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Strong motion displacement waveforms using 10-Hz precise point positioning GPS: an assessment based on free oscillation experiments

Authors

  • Fanis Moschas,

    1. Laboratory of Geodesy and Geodetic Applications, Department of Civil Engineering, University of Patras, Patras, Greece
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  • Antonio Avallone,

    1. Centro Nazionale Terremoti, Istituto Nationale di Geofisica e Vulcanologia, INGV, Rome, Italy
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  • Vasso Saltogianni,

    1. Laboratory of Geodesy and Geodetic Applications, Department of Civil Engineering, University of Patras, Patras, Greece
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  • Stathis C. Stiros

    Corresponding author
    1. Laboratory of Geodesy and Geodetic Applications, Department of Civil Engineering, University of Patras, Patras, Greece
    • Correspondence to: Stathis Stiros, Laboratory of Geodesy and Geodetic Applications, Department of Civil Engineering, University of Patras, Patras 26500 Greece.

      E-mail: stiros@upatras.gr

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SUMMARY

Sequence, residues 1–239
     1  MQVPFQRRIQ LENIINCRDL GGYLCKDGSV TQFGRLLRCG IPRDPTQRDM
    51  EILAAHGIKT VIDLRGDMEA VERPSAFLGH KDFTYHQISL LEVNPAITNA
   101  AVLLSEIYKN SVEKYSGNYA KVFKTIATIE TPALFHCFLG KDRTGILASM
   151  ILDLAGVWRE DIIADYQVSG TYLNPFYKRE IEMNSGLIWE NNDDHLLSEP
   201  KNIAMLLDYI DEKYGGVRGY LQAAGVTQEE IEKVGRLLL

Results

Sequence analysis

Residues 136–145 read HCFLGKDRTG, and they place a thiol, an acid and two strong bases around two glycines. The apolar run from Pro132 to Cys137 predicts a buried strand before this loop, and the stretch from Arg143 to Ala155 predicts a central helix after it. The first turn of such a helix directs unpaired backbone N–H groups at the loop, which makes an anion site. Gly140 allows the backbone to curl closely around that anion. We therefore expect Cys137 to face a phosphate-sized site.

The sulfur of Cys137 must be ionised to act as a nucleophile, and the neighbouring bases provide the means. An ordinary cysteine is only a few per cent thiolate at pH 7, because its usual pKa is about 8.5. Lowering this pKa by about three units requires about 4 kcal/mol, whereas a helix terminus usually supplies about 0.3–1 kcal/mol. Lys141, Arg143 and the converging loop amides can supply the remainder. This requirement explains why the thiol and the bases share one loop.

The recently developed precise point positioning (PPP) technique permits to compute instantaneous coordinates of a GPS station relatively to distant reference stations and waveforms of ground displacements during strong motions at the 1 Hz level. This is another application of GPS, different from the computation of static coseismic movements or of accurate monitoring of dynamic displacements of structures using a static receiver and a nearby moving receiver (DGPS). Recently, earthquake ground displacement waveforms using 10-Hz GPS data have also been calculated, but no independent evidence to assess their quality exists. To overcome this problem, we evaluated the output of 10-Hz PPP results on the basis of supervised learning experiments. Semistatic and dynamic displacements (damped harmonic oscillations) of known characteristics of the order of a few centimeter were produced and were recorded by GPS, an accelerometer, and a robotic total station. Time series of instantaneous displacements were analyzed using different PPP techniques and were compared with reference (true) values derived from DGPS and the other sensors. Our analysis revealed that the PPP-derived coordinates are contaminated by long-period noise but they can display the details of semistatic displacements, while their short-period component describes well the pattern of waveforms and spectra (at least up to 4 Hz) of dynamic displacements, with up to 20 mm accuracy for isolated points. These results indicate that 10-Hz PPP-GPS is useful for earthquake engineering and can safely be used to reconstruct waveforms of deflections of the ground and of various points on structures during strong motions. Copyright © 2014 John Wiley & Sons, Ltd.

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